Yet, Nolan would have us believe Batman would allow another in a long line of tragic events to preclude him from continuing his sworn mission against tyranny and violence? Basically, Nolan tells us that Bruce Wayne quits because he can’t be with a woman?
It feels as though the writing staff forgot or ignored the conversation between Bruce and Alfred in “Batman Begins.”
Everlasting until your childhood crush/never was girlfriend dies at the hands of a psychotic madman. Then, the only man capable of preventing such a tragedy from potentially happening again for millions of Gothamites shrinks back and hides within the safety of his huge multi-million dollar mansion.
One can argue that though Bruce Wayne retires the cape and cowl, the principles Batman stood for remained within the city’s social strata. This is shown many times in “Rises,” especially through the residents of Gotham’s use of a chalk-drawn Bat-symbol as a beacon of hope and perseverance during Bane’s occupation. And, because of this lasting impression left by the Dark Knight on the populace, someone else could rise up and assume the mantle when he is gone. (Cue Nolan’s insertion of John “Robin” Blake finding the Bat-Cave at the end of the film.)
Except, there’s one problem: Nolan spent one half of “Batman Begins” showing Wayne’s near decade-long training/preparation for the role of Gotham’s protector. He studied the criminal mind, learned multiple forms of martial arts and even trained with the most vicious group of murderers and psychopaths on the planet in the League of Shadows all to become the hero his hometown needed.
Therefore, John Blake (or anyone else for that matter) is ill-suited to wash the Batmobile, let alone use it. Blake was subdued by an injured Commissioner Gordon during the film. Do you expect the audience to believe “Robin” could take on a massive terror like Bane and not get captured or killed?
Also, while Blake found what Bruce left behind, he would not have a constant tap to Wayne’s multi-billion dollar corporation and the resources that went with it. That means no near inexhaustible amounts of supplies and gadgets needed for successful nocturnal escapades, no funds to repair the Batmobile, no replacement equipment from Lucius Fox etc. His campaign would be very short-lived.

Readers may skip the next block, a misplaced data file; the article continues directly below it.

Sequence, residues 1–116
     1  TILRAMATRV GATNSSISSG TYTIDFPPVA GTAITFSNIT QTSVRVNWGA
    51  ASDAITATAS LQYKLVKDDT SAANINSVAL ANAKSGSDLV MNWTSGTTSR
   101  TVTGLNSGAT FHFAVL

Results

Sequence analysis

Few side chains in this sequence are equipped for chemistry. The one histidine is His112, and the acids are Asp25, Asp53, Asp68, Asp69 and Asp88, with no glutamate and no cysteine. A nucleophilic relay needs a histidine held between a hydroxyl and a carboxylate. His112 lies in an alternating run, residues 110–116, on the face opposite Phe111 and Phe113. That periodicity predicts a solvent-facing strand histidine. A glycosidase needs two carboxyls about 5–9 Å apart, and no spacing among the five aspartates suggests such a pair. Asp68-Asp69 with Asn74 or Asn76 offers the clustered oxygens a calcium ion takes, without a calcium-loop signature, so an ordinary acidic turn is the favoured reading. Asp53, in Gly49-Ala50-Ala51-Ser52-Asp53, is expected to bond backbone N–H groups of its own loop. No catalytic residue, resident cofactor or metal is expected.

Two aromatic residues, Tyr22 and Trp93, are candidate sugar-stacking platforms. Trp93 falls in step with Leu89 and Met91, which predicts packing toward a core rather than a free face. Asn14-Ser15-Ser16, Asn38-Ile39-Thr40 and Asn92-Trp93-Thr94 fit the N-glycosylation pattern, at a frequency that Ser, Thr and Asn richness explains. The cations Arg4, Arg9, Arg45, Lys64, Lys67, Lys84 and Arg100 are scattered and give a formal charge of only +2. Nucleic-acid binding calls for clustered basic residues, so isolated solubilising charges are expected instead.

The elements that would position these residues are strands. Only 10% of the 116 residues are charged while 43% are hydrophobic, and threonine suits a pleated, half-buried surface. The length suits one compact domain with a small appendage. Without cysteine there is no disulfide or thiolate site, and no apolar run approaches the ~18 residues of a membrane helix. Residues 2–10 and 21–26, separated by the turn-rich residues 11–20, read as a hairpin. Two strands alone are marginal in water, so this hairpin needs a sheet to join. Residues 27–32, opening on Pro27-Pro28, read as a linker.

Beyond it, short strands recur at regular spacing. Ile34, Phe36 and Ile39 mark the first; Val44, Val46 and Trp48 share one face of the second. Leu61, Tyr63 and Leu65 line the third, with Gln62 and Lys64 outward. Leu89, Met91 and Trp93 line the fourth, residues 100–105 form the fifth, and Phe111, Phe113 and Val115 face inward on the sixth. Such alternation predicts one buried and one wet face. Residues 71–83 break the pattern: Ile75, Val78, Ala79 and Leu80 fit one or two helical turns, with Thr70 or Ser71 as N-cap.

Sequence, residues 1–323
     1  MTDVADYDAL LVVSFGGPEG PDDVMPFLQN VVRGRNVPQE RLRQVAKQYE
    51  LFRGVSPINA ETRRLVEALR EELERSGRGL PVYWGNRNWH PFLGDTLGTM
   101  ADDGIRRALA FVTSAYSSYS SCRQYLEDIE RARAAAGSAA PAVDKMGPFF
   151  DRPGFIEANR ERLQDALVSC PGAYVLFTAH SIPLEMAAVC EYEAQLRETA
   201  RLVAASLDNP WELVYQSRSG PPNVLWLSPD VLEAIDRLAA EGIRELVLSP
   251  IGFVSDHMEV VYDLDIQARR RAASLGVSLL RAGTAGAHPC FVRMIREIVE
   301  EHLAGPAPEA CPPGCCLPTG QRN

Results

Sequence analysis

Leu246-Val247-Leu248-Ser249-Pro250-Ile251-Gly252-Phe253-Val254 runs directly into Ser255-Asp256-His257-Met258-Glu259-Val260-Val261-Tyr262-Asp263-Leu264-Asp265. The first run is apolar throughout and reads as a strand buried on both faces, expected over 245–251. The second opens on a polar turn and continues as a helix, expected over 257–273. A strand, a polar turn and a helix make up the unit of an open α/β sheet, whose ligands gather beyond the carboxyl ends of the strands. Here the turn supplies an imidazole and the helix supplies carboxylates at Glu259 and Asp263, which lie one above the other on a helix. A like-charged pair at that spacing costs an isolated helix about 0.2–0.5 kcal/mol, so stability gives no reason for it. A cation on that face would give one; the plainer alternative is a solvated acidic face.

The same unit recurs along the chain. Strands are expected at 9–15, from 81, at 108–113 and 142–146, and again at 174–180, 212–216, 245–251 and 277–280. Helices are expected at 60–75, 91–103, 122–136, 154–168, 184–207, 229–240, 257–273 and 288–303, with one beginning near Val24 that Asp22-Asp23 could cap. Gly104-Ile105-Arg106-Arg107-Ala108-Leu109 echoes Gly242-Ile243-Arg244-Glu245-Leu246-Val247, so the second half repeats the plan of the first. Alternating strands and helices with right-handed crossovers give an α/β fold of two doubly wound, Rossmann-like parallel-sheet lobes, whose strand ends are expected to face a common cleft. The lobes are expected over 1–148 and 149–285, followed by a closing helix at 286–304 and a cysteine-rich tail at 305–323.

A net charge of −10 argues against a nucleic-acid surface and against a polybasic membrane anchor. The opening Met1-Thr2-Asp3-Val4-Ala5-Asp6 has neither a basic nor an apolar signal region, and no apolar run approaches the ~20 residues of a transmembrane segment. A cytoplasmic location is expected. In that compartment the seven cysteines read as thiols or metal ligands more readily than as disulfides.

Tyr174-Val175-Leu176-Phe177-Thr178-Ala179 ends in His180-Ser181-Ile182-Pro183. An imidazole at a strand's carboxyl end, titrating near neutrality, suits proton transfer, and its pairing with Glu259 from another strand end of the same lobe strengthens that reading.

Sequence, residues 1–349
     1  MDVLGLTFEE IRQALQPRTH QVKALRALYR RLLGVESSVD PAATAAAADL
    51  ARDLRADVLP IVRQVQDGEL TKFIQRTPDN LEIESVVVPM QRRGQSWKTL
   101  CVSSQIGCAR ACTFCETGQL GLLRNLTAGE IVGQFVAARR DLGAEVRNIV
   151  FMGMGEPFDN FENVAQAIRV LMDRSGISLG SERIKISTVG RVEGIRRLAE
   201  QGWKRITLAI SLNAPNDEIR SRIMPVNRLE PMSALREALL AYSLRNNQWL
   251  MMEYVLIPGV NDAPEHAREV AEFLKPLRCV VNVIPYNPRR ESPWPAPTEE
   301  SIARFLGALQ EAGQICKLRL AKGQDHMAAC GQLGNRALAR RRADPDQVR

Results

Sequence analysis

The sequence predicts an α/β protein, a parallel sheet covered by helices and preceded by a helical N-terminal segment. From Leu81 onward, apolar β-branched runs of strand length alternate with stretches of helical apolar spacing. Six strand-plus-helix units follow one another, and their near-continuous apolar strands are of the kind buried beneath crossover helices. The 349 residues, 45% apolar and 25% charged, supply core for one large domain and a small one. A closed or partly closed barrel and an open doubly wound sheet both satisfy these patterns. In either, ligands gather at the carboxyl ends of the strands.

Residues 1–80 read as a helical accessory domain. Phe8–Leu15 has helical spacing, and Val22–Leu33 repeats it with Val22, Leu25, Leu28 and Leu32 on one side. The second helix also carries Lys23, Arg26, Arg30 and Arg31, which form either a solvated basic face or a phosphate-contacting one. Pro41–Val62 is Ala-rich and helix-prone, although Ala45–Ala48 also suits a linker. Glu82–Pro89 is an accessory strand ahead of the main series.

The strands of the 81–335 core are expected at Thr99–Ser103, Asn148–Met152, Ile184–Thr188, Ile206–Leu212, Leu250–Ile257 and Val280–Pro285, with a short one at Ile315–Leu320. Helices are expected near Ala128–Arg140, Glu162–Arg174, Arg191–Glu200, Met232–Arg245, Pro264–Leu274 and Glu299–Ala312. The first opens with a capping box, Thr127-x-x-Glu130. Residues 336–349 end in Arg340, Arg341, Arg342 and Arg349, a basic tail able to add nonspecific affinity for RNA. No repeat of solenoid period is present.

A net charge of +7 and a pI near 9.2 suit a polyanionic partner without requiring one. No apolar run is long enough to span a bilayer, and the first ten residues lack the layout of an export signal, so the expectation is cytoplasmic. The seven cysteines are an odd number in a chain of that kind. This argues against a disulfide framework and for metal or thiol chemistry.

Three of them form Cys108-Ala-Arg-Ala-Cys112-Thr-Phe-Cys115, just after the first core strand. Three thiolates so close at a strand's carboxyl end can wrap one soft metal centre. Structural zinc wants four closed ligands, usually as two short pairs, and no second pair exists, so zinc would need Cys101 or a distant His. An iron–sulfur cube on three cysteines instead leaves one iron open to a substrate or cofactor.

The story would have worked just as well, if not better, had Nolan shaped his Batman in line with the classical sense of the character – namely into an active, unwavering and alert participant in the mission against overarching evil.
The classic Batman would have been a better foil for the intimidating Bane: when faced against an overpowering villain, the real Dark Knight could predict every move an enemy made during combat and incapacitate them using minimal effort. In the hunt for Bane, the real Caped Crusader would have employed his extraordinary detective skills (talents beyond some of the world’s greatest investigators) and predict Bane’s every move before he made it. The real Batman would have thwarted Bane before the end of the second act and would not have to “die” in a fake nuclear explosion in order to garner the respect and admiration of Gotham City and its residents.
Unfortunately, that is not how Nolan depicts Gotham’s champion. Instead, he relegates him into a lackluster version of the familiar icon – and both his film and the overall franchise suffers because of it.
For the average Joe, “The Dark Knight Rises” views as a monumental accomplishment in cinema. But, for the informed fan of the character, the film creates a undeterminable void that’s only realized after the visual spectacle wears off. Nolan’s glaring divergence from the canon material is what causes this uneasiness and regrettably, there really isn’t any salve to soothe the post-viewing pain.
Still, it could be a lot worse. “The Dark Knight Rises” could have been directed by Joel Schumacher. Shudder to think.